Case Law Details

Case Name : Commissioner of Income Tax-VII Vs Avinash Jain (Delhi High Court)
Appeal Number : ITA No.703/2012
Date of Judgement/Order : 09.01.2013
Related Assessment Year :
Courts : All High Courts (3629) Delhi High Court (1146)

The intent and purport of the CBDT circular No.4/2007 dated 15.06.2007 is to demonstrate that a tax payer could have two portfolios, namely, an investment portfolio and a trading portfolio. In other words, the assessee could own shares for the purposes of investment and/or for the purposes of trading. In the former case whenever the shares are sold and gains are made the gains would be capital gains and not profits of any business venture. In the latter case any gains would amount to profits in business. This has been made clear by the CBDT circular in the remaining portion of the circular itself.

HIGH COURT OF DELHI

Judgment delivered on : 09.01.2013

ITA No.703/2012

COMMISSIONER OF INCOME TAX-VII

versus

AVINASH JAIN

JUDGMENT

BADAR DURREZ AHMED, J (ORAL)

This appeal has been filed by the revenue against the order dated 20.07.2012 passed by the Income Tax Appellate Tribunal in ITA No.3379/Del./10. That appeal had also been filed by the revenue in which the following ground was raised in relation to the assessment year 2007-08:-

“The Ld. CIT(A) erred in law and on the facts in holding that the action of the Assessing Officer in holding short Term capital gain and long term capital gain be treated as business income has no substance and are without any cogent reason and thereby deleting addition of Rs. 1,38,015/- and Rs. 1 ,07,44,493/- made by the AO on account of Short Term capital gain and Long Term capital gain respectively.”

The assessee is engaged in sale and purchase of shares and maintains two separate portfolios. One is an investment portfolio and the other is a trading portfolio. This practice of the assessee has been going on for earlier years also and this has been recognized by the revenue as also by the Tribunal in the impugned order. It is only in this year that the assessing officer made additions of Rs. 1 ,38,015/- and Rs. 1 ,07,44,493/- on account of short term capital gains and long term capital gains respectively in relation to the sale of shares out of the assessee’s investment portfolio. The assessing officer did so by treating both the short term capital gain as well as the long term capital gain as business income by construing the entire activity of the assessee as a business activity.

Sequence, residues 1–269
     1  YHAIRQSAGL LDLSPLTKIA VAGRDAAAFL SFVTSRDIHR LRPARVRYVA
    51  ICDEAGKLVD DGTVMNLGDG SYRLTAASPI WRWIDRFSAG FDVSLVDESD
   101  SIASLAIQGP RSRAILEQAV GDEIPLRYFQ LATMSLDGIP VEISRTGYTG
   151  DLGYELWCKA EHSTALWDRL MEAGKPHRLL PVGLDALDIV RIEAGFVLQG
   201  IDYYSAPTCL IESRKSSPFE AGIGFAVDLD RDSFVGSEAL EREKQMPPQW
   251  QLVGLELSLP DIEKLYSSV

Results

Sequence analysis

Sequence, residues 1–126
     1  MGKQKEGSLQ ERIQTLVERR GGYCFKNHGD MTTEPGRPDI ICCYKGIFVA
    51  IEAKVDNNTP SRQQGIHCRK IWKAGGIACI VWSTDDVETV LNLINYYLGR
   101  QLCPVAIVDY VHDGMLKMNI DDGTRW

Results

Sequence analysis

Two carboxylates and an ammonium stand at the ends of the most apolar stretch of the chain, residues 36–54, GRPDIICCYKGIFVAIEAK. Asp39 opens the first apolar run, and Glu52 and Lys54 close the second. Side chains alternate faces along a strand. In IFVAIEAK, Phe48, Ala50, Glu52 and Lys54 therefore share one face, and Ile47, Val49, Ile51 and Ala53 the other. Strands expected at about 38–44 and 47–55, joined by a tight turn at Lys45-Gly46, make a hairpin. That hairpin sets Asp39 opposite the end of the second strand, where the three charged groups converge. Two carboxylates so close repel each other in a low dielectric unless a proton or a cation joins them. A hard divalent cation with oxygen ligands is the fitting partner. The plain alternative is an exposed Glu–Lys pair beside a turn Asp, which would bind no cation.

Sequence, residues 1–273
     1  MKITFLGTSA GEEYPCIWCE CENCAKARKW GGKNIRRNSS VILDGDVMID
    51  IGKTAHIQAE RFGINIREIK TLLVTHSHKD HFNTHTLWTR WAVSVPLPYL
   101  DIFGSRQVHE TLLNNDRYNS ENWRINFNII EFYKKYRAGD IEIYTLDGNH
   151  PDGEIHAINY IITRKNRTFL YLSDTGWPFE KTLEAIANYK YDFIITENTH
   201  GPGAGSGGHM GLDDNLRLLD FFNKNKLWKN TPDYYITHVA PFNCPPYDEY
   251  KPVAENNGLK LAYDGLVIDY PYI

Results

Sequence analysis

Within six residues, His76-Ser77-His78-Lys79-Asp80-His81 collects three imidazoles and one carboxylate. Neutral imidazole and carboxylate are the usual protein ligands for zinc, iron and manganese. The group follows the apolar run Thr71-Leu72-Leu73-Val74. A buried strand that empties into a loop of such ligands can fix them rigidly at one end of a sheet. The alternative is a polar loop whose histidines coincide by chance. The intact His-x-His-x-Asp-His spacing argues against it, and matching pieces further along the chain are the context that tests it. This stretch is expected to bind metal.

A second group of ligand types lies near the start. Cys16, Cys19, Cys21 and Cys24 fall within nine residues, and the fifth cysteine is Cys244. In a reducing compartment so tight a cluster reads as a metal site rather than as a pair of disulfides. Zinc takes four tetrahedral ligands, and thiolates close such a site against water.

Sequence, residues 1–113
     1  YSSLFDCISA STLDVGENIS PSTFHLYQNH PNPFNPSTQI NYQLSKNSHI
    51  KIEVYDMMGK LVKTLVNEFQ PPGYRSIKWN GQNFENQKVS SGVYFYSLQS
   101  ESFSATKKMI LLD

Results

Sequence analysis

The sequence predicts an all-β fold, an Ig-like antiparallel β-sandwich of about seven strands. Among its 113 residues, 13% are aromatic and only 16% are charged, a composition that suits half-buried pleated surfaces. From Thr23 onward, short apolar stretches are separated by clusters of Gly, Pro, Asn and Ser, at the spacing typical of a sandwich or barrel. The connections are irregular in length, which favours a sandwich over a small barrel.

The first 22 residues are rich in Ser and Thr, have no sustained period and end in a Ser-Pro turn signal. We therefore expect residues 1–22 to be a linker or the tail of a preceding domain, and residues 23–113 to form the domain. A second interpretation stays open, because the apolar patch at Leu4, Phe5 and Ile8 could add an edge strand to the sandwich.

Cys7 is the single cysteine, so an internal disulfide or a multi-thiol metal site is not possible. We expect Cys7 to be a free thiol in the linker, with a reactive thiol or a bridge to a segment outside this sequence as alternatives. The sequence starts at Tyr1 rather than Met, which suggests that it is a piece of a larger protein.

2. The Commissioner of Income Tax (Appeals) by an order dated 24.06.2010 allowed the appeal of the assessee. Being aggrieved thereby the revenue preferred the said ITA No.3379/Del./10 before the Tribunal on the above mentioned ground.

3. The Tribunal noted that the Commissioner of Income Tax (Appeals) had placed reliance, inter alia, on the CBDT circular No.4/2007 dated 15.06.2007 as also upon decisions of the Supreme Court in the cases of CIT Vs. Associated Industrial Development Co. (F) Ltd. : 82 ITR 586 (SC) and CIT Vs. H.Holck Larsen : 160 ITR 67 (SC).

4. The said circular of the CBDT reads as under:-

“CBDT also wishes to emphasize it is possible for a tax payer to have two portfolios i.e. an investment portfolio comprising of securities which are to be treated as capital assets and a trading portfolio comprising of stock in trade which are to be treated as trading assets. Where an appellant has two portfolios, the appellant may have income under both heads i.e. capital gains as well as business income.